E TalkMarkets Tuesday Talk: Of Brexit And Brandade

The pattern for the 50th-90th percentile is where the big shift happens. This group had about 36% of total wealth in 1990 and still had about that same share in the early 2000s. But since then, its share has dropped down to about 29% of total wealth. In ownership of real estate or financial assets, this group is benefitting considerably less from the run-up in wealth/GDP than the top 1%. This group is often what is called the "middle class" in a US context."

If you missed that, Taylor is talking about Joe and Jane Investor. Some smelly fish indeed. Taylor includes the following charts (and others) for illustrative purposes:

Wealth held by top 1%, 99th to 100th Wealth Percentile

Wealth held by the "Middle Class", 50th-90th Wealth Percentile

TalkMarkets contributor David Vomund in a TM exclusive, Be An Optimist, reminds us that history reveals that over time, the stock market provides proven rewards for those willing to take properly calculated risks. His words below are certainly timed to the holiday season:

"For those 60 and younger, however, it’s important to know that there is more than 100 years of data suggesting a large portion of their portfolio should be in stocks, especially the more stable large-cap dividend payers. For those over 60, own some higher-yielding fixed-income instruments and preferreds in addition to stocks. 

What about buying at the high? If you bought the S&P 500 at the top right before the 2008 financial crisis you’d be up 220 percent today, including dividends. If you bought in February 2020 right before COVID-19 you’d be up 15 percent. Every bear market ends with stocks soon hitting new highs. If your timing is bad and you buy near the top, the next bear market will make it right. It already has."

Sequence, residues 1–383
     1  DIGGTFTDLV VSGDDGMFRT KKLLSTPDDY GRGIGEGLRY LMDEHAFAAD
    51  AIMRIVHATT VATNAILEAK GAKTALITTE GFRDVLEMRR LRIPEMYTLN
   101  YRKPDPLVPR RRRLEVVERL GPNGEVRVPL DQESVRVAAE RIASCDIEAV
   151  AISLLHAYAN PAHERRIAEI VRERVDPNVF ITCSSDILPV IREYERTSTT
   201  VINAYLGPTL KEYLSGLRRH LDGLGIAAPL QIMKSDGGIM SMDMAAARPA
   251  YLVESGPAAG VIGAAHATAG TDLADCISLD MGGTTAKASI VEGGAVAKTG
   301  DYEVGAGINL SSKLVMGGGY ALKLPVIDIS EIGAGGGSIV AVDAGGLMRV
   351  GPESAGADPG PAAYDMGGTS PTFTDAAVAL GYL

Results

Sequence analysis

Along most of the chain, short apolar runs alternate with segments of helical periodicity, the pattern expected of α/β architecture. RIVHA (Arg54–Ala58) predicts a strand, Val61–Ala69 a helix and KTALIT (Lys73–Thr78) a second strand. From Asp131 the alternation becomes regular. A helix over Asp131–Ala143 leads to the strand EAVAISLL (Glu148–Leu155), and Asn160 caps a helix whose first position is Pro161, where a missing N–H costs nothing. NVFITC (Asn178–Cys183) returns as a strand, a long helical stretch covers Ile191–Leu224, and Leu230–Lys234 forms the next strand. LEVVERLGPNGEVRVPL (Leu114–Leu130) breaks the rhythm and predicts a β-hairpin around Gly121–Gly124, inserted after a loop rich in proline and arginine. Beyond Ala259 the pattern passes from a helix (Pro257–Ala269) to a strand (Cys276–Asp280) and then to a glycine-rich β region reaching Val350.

In a TalkMarkets Editor's Choice column, Robert Rapier looks at the oil industry. In The Oil Industry Is Climbing Out Of A Hole, Rapier notes what some people may have overlooked:

"Since early November the oil industry — which some had declared dead after the crushing losses earlier in the year — has gone on an impressive rally. ExxonMobil (XOM) shares are up 27% in one month. Chevron has risen 37% (CVX). Royal Dutch Shell (RDS-A) shares are up 60%. ConocoPhillips (COP) is up 49%."

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William K. 2 months ago Member's comment

Very interesting and also quite educational. And the rich get richer because those setting the rules want to "take care of their friends." Certainly those in government know how to help themselves. AND by the way, that is NOT doing meany favors. The fact, verified by history, is that people will put up with a great deal of misery, if it is heaped on slowly. Then all at once, just a small bit more, and the revolution ignites, or even explodes. Where that level of misery that leads to revolution can only be guessed at, and what will trigger the explosion may be a very small spark that did nothing a hundred times before. Thus the government and the 1% really need to remove some of the misery occasionally.